Not all war films created equal

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SAN SEBASTIAN, Spain -- Getting your film to stand out at a major festival can be hard enough in the best of times, but these days, if your subject is the wars in Iraq or Afghanistan, it is even easier to get lost in the crowd.

Films as varied as Nick Broomfeld's "Battle for Haditha," Paul Haggis' "In the Valley of Elah" and Hana Makhmalbaf's "The Buddha Collapsed out of Shame," all get lumped together as "war films."

At the press conference following the competition bow of "Haditha," Broomfeld repeatedly dogged reporters' attempts to link his movie -- a dramatized retelling of the massacre of 24 Iraqi civilians by U.S. marines in November 2005 -- with other Iraq titles such as Brian De Palma's Venice Silver Lion winner "Redacted"

Broomfeld called talk of a new raft of Iraq films "lazy journalism."

"I think it is just a way of not dealing with how different these films are," Broomfeld explained. " 'In the Valley of Elah' is really a murder mystery, with Iraq as a subtext. My film and 'Redacted' deal superficially with a similar subject (Iraq war atrocities) but come to diametrically opposed conclusions."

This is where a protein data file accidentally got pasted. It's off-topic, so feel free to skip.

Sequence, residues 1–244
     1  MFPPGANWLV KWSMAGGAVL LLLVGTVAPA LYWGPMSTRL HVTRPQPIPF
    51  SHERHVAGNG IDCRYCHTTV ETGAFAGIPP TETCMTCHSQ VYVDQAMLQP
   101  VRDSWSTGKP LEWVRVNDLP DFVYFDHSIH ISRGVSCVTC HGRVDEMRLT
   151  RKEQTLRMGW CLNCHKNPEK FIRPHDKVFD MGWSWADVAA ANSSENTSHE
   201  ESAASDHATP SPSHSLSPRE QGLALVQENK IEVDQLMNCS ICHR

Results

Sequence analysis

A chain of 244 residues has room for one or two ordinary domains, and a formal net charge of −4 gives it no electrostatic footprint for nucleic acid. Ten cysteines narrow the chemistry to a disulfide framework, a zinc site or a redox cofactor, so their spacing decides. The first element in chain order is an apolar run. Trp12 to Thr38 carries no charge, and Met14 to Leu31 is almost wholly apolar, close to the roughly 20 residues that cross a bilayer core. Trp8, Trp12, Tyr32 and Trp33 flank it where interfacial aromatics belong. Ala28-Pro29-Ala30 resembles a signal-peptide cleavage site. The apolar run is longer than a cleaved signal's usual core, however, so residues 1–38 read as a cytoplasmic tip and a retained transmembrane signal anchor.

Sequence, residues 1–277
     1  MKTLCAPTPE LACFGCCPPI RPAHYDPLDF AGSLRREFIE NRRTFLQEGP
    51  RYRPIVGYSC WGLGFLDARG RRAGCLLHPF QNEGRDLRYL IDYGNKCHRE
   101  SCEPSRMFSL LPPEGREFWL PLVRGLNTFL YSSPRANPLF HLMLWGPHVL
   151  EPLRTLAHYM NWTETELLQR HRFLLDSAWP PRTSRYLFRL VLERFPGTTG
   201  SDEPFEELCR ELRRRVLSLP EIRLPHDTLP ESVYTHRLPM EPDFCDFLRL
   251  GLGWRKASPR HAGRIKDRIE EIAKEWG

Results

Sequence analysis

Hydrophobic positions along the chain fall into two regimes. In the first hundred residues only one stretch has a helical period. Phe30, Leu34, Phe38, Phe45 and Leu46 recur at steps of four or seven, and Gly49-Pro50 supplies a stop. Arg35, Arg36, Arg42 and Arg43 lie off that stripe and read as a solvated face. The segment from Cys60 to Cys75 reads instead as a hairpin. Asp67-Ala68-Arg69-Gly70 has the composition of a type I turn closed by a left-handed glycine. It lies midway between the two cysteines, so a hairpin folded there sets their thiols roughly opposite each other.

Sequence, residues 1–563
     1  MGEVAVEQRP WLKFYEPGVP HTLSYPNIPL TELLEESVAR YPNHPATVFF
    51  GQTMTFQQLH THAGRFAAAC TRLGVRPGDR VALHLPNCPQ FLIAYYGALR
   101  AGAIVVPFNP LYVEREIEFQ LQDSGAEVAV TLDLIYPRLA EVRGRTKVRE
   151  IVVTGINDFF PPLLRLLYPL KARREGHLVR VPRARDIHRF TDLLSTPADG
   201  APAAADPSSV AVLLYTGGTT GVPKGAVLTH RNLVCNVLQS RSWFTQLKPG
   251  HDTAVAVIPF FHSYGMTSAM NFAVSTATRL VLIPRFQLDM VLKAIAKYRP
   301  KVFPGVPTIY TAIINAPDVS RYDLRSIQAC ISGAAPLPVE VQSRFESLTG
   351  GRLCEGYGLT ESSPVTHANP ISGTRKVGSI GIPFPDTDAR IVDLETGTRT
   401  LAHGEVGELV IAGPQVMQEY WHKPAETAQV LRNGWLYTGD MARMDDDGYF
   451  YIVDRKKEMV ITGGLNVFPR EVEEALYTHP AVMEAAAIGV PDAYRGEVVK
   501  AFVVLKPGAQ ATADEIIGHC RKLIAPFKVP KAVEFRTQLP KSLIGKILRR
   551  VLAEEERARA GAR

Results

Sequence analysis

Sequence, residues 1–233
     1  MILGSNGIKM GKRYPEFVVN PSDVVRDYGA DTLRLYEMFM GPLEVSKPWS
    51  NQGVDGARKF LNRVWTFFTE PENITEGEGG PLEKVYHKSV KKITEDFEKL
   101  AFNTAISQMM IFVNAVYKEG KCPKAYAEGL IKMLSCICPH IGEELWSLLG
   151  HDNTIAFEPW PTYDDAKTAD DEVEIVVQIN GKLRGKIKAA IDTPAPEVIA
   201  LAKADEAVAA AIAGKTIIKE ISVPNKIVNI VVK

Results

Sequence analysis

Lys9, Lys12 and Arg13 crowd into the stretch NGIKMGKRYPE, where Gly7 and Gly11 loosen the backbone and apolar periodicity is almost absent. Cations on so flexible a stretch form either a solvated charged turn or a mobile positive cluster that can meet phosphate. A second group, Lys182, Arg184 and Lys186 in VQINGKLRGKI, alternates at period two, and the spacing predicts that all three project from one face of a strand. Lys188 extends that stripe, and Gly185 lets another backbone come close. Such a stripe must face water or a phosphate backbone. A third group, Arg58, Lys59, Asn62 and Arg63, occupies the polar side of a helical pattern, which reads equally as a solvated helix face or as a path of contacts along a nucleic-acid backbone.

De Palma's deliberately provocative approach in "Redacted" is indeed miles away from the carefully balanced documentary feel of Broomfeld's film or the thriller quality of Haggis' "In the Valley of Elah."

Makhmalbaf's "The Buddha Collapsed Out of Shame," which had its European premiere here Saturday, is a different species entirely. A quiet poetic tale of a 6-year-old girl and her struggle to find money to buy a school notebook, "Buddha" takes place in Afghanistan, but the only sign of war is in the games the local boys play -- one side being the Taliban, the other the "Americans."

Jose Maria Morales, head of Wanda Films, which is releasing "Buddha" in Spain, admits news coverage of the war in Afghanistan could help the film's boxoffice, but he sees the category of "war film" as more of a distraction.

"('Buddha') is not a war film," he said. "It has its own personality. It's a vision seen through the eyes of children and that's its charm. It could benefit from the fact that it's something that's in the papers everyday, but it's a very different view."

That contrasts with Broomfeld, who said he hopes "Haditha" can be "a platform for a discussion of the real situation in Iraq."

But first it has to get picked up. While "Redacted" and "In the Valley of Elah" both have U.S. distributors in place, "Battle for Haditha," with amateur actors and little in the way of flashy camera work, is still looking.

"I think it will take a brave distributor to put it (in the U.S.)," Broomfeld acknowledged. "A lot of distributors like to take the easy option and go for the easy buck and I'm not sure my film is either of those things ... But I made the movie for an American audience, to start a discussion on what we should do about Iraq."

Pamela Rolfe contributed to this report.
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